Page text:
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The Impact of Resident Status Regulations on Immigrants' Labor Supply: Evidence for France


  • Joachim Jarreau

    () (GREQAM - Groupement de Recherche en Économie Quantitative d'Aix-Marseille - ECM - Ecole Centrale de Marseille - CNRS - Centre National de la Recherche Scientifique - AMU - Aix Marseille Université - EHESS - École des hautes études en sciences sociales)


Many OECD countries have changed the rules for immigrants in recent decades, generally making harder to enter and to stay. France is one example. This paper studies the immigrants' response to the 2004 reform of the immigration law, which made it harder for foreigners to obtain resident status. The strategy for identification exploits a discontinuity in exposure to the reform, determined by the time of entry. The first result is that the 2004 reform prompted a wave of departures among low-skilled, unemployed, unmarried men. This effect is observed among those with previous work experience in France and searching for work, indicating that the difficulty to find a job without resident status creates an incentive for outmigration. Second, the obtention of resident status lowers significantly but marginally the labor supply of women, consistently with an adjustment role of women's work, and with a small substitution effect of labor income with welfare benefits. Overall, these results suggest that restrictions on access to resident status prompted outmigration, but not among the population with the most elastic labor supply. Thus, the reform did not reach its main objectives: selection occurred, but not of those less willing to work; cutting access to benefits increased labor supply, but only marginally.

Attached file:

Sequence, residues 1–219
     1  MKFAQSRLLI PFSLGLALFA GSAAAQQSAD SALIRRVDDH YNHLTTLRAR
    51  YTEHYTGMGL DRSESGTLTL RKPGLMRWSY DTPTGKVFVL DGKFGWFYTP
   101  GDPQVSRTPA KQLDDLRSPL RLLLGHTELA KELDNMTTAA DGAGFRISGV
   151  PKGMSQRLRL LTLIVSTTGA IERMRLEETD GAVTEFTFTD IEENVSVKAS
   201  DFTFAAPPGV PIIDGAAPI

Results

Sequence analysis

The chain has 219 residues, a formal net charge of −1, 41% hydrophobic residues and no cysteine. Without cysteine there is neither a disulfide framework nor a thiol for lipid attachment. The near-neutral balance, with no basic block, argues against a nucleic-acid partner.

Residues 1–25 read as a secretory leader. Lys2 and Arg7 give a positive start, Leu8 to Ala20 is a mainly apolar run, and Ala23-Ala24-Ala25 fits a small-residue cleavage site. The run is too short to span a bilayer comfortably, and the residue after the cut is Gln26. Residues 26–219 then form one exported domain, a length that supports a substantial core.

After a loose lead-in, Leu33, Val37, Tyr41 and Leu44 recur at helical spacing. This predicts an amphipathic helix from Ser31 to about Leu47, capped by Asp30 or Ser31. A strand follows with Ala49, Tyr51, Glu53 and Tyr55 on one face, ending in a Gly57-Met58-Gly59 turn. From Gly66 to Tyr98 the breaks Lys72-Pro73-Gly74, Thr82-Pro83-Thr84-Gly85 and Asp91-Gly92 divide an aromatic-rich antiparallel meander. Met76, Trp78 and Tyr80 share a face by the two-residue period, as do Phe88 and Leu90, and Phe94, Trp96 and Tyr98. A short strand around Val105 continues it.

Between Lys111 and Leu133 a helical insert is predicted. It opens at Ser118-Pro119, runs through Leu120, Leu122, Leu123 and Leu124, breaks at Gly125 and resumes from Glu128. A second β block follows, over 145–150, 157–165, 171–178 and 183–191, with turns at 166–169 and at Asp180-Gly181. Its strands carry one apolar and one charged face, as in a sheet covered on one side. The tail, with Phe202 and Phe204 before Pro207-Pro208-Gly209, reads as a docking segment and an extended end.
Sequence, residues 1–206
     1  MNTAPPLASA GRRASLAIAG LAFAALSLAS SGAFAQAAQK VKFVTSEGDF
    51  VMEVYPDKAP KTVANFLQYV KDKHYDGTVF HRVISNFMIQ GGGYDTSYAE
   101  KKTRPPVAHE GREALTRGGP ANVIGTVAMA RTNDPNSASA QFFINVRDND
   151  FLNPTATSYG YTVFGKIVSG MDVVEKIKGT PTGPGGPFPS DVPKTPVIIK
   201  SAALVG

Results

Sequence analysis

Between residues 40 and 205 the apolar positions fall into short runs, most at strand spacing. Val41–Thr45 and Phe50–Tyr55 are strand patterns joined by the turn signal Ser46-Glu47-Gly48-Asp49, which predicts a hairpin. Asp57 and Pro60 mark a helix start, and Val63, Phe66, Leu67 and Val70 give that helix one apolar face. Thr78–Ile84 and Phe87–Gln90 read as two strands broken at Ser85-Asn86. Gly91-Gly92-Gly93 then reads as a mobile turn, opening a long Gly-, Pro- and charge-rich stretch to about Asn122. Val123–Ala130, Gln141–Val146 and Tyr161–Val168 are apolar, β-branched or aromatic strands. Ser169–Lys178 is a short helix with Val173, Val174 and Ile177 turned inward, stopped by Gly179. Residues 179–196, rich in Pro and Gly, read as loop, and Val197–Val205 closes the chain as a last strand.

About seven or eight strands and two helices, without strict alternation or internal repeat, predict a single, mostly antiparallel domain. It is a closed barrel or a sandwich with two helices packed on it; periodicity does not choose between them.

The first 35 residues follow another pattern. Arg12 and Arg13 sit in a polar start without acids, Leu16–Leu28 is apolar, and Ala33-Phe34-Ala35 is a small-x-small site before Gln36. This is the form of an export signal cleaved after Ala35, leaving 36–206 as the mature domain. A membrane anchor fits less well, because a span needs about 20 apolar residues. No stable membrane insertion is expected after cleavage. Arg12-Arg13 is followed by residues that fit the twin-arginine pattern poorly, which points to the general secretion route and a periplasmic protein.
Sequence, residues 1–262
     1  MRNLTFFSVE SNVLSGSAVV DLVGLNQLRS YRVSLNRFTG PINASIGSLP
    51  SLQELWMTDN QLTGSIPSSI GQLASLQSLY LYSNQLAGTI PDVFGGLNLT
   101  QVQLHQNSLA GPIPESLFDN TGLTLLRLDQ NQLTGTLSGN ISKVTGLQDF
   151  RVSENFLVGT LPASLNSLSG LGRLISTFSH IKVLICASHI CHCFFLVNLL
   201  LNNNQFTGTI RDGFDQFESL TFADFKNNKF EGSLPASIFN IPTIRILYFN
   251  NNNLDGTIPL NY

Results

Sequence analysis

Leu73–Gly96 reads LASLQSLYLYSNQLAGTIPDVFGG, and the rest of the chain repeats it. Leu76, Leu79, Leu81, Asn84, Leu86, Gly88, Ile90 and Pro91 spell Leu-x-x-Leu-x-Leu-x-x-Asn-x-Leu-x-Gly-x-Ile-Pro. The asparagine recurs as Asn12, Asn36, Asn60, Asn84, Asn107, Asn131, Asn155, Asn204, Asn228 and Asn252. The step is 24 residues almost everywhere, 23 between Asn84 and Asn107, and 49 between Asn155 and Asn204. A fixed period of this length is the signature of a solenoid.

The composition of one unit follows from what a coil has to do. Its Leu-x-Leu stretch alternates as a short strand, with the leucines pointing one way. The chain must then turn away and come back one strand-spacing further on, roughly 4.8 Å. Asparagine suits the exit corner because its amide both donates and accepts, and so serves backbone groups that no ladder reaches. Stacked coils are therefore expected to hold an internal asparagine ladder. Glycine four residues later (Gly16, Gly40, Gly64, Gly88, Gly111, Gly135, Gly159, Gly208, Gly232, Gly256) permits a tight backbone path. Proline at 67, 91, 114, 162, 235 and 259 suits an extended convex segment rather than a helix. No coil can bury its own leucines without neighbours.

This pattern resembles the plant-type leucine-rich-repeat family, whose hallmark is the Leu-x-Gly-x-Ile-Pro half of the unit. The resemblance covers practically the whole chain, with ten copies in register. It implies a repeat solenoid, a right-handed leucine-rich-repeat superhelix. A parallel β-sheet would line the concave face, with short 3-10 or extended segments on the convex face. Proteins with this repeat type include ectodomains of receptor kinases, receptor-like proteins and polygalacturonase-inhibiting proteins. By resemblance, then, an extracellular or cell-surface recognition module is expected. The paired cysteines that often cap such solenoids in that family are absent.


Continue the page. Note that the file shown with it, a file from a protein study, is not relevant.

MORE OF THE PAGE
Suggested Citation

  • Joachim Jarreau, 2014. "The Impact of Resident Status Regulations on Immigrants' Labor Supply: Evidence for France," Working Papers halshs-00954262, HAL.
  • Handle: RePEc:hal:wpaper:halshs-00954262
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    References listed on IDEAS

    1. Laurent Gardin & Marthe Nyssens & Paolo Minguzzi, 2010. "Les Quasi-Marches Dans L'Aide A Domicile: Une Mise En Perspective Europeenne," Annals of Public and Cooperative Economics, Wiley Blackwell, vol. 81(4), pages 509-536, December.
    2. Franck Bailly & François-Xavier Devetter & François Horn, 2013. "Can working and employment conditions in the personal services sector be improved?," Cambridge Journal of Economics, Oxford University Press, vol. 37(2), pages 299-321.
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    More about this item


    immigration policy; labor markets; welfare magnets;

    JEL classification:

    • F22 - International Economics - - International Factor Movements and International Business - - - International Migration
    • J61 - Labor and Demographic Economics - - Mobility, Unemployment, Vacancies, and Immigrant Workers - - - Geographic Labor Mobility; Immigrant Workers
    • J65 - Labor and Demographic Economics - - Mobility, Unemployment, Vacancies, and Immigrant Workers - - - Unemployment Insurance; Severance Pay; Plant Closings

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